John Bridge
07-27-2001, 05:20 PM
Hey Mark,

That's a very nice site (had a pro do it, didn't you?) Nice stuff too, especially the mugs :) I didn't see a links page, though, and I think that might be important to you. I would post a link on this site (and probably give you a pretty good blurb) if you could post a link back to us. Just a thought.

In the meantime, if an order comes in for several thousand mugs, send the bill to Bud Cline. General Delivery (and C.O.D.) Nebraska.

Bud Cline
07-27-2001, 06:03 PM
OK, let's talk mugs for just a minute. I am interested in the "engraved" style (for lack of the proper term)

So Mark is that what you do, the design? Did you do those shown on your web page? Can I have my logo engraved similar to the ones you show? What would be a standard order for personalized mugs?

07-28-2001, 05:38 AM
When you consider the cost of shipping, you would be better off to just buy a truck load of mugs and get the free freight.


07-30-2001, 09:24 AM
At the current time we only sell unfinished bisque pottery. We are currently getting a premium for bisque in studios. With the overseas market killing the finishedware market we had to find a niche.

Our website was done by a professional and is actually being updated now. I will speak to the webguys about adding a links button.

John Bridge
07-30-2001, 04:24 PM
Yeah, Mark, links are the in thing. The search engine and directory people got tired of keywords because they are so abused. They now go for the text on your front page AND the number of web sites that have a link pointing toward yours. So exchanging links is a neat thing to do.

Send Bud a couple gross of bisque mugs. He can paint his logo on them with magic markers and give them to all his satisfied customers.

Oh, Mark,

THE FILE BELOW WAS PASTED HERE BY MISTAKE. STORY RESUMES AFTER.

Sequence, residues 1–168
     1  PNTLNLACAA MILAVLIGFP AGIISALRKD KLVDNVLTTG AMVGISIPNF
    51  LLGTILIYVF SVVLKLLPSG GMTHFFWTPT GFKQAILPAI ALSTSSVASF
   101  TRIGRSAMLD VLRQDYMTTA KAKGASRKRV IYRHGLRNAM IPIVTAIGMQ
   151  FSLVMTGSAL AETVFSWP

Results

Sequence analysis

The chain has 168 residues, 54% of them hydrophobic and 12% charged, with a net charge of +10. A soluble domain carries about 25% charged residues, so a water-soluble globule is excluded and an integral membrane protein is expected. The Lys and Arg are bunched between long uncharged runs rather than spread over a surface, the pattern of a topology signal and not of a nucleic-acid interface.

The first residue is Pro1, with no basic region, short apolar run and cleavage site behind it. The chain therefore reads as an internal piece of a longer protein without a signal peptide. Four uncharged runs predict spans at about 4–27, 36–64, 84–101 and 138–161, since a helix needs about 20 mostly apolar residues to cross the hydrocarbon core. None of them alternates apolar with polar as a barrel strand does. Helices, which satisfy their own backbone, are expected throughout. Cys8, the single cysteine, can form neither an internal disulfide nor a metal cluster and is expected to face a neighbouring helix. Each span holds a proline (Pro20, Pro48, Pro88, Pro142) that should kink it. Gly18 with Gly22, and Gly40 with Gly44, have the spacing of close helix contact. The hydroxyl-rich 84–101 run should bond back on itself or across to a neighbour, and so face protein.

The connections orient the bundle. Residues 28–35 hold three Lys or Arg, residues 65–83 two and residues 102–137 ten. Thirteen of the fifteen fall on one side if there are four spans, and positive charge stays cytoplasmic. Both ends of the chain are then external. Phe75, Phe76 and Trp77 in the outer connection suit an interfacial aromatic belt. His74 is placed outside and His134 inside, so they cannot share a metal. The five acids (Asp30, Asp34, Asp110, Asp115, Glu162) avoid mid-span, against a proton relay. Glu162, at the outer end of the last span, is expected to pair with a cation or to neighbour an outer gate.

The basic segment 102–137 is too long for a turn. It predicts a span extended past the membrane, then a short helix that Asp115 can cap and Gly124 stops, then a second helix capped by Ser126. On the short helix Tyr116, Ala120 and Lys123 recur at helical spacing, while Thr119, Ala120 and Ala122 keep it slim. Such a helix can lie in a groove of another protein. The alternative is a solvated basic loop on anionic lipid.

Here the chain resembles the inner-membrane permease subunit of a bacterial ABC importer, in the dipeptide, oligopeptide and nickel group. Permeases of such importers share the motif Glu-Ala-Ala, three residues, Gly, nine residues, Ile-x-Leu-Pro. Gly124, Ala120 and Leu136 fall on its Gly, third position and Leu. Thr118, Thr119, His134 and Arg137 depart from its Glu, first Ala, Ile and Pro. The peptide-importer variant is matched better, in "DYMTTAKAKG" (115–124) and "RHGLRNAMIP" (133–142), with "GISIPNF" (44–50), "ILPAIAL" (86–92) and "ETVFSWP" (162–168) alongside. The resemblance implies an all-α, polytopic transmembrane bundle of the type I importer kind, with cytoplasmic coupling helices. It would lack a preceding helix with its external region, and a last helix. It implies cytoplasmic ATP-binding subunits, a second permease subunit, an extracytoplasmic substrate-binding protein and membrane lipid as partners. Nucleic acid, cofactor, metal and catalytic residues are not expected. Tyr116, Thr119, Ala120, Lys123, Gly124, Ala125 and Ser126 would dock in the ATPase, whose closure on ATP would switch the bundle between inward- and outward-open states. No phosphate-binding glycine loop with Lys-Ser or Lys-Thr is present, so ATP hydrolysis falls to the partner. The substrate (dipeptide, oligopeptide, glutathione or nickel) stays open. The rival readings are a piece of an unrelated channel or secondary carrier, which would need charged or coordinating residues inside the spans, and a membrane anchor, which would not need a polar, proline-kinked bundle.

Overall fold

You might want to communicate with Uri (member) who owns a specialty tile plant in Australia. Maybe the two of you can cook something up internationally.

08-01-2001, 08:03 AM
First off I have a small foyer roughly 7 ft x 7ft. It is not perfectly square and would have looked very un-square if I would have just put 12" tiles. Instead I did a 6 tile square(row of 6, column of 6) of 12" tiles. This gave me a border of 5" - 6" around the outside. I took the 12" tiles and broke them with a hammer and just went to setting them like a drunk man. It actually came out better than I expected.

Now I am ready to grout. I am going to let it dry until at least Thursday before grouting. Is this long enough? I know you are supposed to let larger tiles dry longer, correct?

I will post a pic when it is done. Next counters.

Bud Cline
08-01-2001, 01:49 PM
Grab your First-Aid kit and go for it. It's ready if you used thinset.

John Bridge
08-01-2001, 02:19 PM
Wear rubber gloves, Mark.

Also, you might consider double grouting the area. It's small and won't take much longer. You grout normally, and wash thoroughly. After about two hours, grout again.

The first batch will set the second and allow fuller joints. You must do it, though, while the first batch is still damp (In two hours it will have just begun to get hard -- dry enough to suck some moisture out of the new grout, but moist enough to cause it to adhere.. You can't do it after the grout has dried.